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It is Not Just the Error – It is What We Do Next

Date published: April 5, 2022

In light of the conviction of Nurse RaDonda Vaught and the response from AONL (seen below), I have taken time to reflect on nursing, caring culture, and accountability.

I believe, in response to criminal charges enacted against medical professionals, we should first reference the nursing code of ethics, and public trust for nurses. The nursing profession has been nominated multiple times, for being one of the most trusted professions for a reason. The relationship and nomination should not be a surprise, as it’s one of the few caring sciences in the medical profession. In the nursing code of ethics, the term nonmaleficence, or do no harm, is a nurse’s pledge and commitment to protect all patients from harm.

The unsettling practice of convicting nurses and other healthcare professionals is a very dangerous path. The conviction of caregivers on criminal charges will not set an example but have the opposite effect, causing one to be less likely to report errors due to fear of facing criminal consequences.

In the landmark 1999 IOM report, To Err is Human: there are a few key takeaway strategies that are essential when combatting medical errors. These include recognizing and mitigating doing harm from error through identifying and implementing safety actions to prevent harm. The report also identified that most health care professionals often view medical errors as a sign of being reckless and incompetent, thus less likely to report errors (Donaldson, 2008). In a time when we are facing extreme shortages of nurses and healthcare professionals, we must look towards healthcare research, new nomenclatures of error, and innovative strategies for addressing and preventing errors rather than seeking criminal charges.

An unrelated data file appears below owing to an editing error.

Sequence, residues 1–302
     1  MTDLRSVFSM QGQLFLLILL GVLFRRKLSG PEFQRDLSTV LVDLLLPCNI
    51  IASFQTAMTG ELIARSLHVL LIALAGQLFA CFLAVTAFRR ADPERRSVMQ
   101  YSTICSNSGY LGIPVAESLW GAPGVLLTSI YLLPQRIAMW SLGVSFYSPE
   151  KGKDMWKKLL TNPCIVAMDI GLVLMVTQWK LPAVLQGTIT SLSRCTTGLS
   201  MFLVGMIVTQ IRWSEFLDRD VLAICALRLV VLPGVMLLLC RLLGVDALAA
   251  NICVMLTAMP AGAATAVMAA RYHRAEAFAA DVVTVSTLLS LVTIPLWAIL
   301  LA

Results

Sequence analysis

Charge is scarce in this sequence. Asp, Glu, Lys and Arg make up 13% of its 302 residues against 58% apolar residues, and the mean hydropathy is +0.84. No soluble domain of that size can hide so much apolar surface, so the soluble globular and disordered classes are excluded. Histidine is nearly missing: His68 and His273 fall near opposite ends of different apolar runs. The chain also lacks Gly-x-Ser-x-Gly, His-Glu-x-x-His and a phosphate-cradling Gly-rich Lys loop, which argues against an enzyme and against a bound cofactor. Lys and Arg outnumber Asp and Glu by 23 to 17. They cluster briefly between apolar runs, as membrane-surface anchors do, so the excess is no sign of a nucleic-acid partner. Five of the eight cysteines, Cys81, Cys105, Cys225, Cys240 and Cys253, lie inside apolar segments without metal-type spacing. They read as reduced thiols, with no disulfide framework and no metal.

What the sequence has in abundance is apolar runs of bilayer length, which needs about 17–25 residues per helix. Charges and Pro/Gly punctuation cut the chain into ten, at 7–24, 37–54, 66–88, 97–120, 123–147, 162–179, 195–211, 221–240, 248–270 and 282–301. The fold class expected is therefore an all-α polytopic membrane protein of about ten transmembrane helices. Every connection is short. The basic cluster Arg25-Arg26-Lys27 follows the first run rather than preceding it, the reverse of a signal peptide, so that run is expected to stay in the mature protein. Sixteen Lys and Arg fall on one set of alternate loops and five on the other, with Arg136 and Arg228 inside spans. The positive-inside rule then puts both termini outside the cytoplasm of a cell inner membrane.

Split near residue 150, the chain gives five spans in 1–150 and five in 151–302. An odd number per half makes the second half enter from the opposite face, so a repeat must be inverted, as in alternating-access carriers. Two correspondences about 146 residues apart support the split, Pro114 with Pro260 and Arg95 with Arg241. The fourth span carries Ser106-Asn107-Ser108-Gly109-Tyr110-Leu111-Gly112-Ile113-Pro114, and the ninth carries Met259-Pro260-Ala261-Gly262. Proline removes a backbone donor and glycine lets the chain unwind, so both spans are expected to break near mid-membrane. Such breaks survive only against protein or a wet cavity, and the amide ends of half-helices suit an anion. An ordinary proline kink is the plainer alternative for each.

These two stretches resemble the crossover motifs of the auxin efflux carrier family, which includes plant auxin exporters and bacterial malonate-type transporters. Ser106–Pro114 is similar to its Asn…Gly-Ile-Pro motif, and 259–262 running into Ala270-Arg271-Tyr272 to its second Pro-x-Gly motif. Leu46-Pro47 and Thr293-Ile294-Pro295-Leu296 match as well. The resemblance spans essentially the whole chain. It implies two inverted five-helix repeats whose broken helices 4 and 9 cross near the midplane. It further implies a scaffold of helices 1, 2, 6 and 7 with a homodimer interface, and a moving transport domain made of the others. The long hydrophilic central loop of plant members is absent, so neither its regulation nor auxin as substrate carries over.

As a nurse-led organization, we stand behind the National League of Nursing statement and other nursing organizations across the country, along with supporting safe staffing levels to ensure high-quality patient care and patient safety actions. These recommendations will help overcome human medical errors and support a culture of safety.

Lastly, research reveals that when hospitals and medical facilities experience critical staffing shortages, healthcare organizations are more likely to experience higher rates of medical errors, poor patient outcomes, and increased numbers of nurse and caregiver turnover.

AONL Statement in Response to the Conviction of Nurse RaDonda Vaught

The verdict in this tragic case will have a chilling effect on the culture of safety in health care. The Institute of Medicine’s landmark report To Err Is Human concluded that we cannot punish our way to safer medical practices. We must instead encourage nurses and physicians to report errors so we can identify strategies to make sure they don’t happen again. Criminal prosecutions for unintentional acts are the wrong approach. They discourage health caregivers from coming forward with their mistakes, and will complicate efforts to retain and recruit more people in to nursing and other health care professions that are already understaffed and strained by years of caring for patients during the pandemic.

Robyn Begley, DNP, RN, NEA-BC, FAAN
Chief Executive Officer, AONL
Chief Nursing Officer, SVP Workforce, AHA [x]

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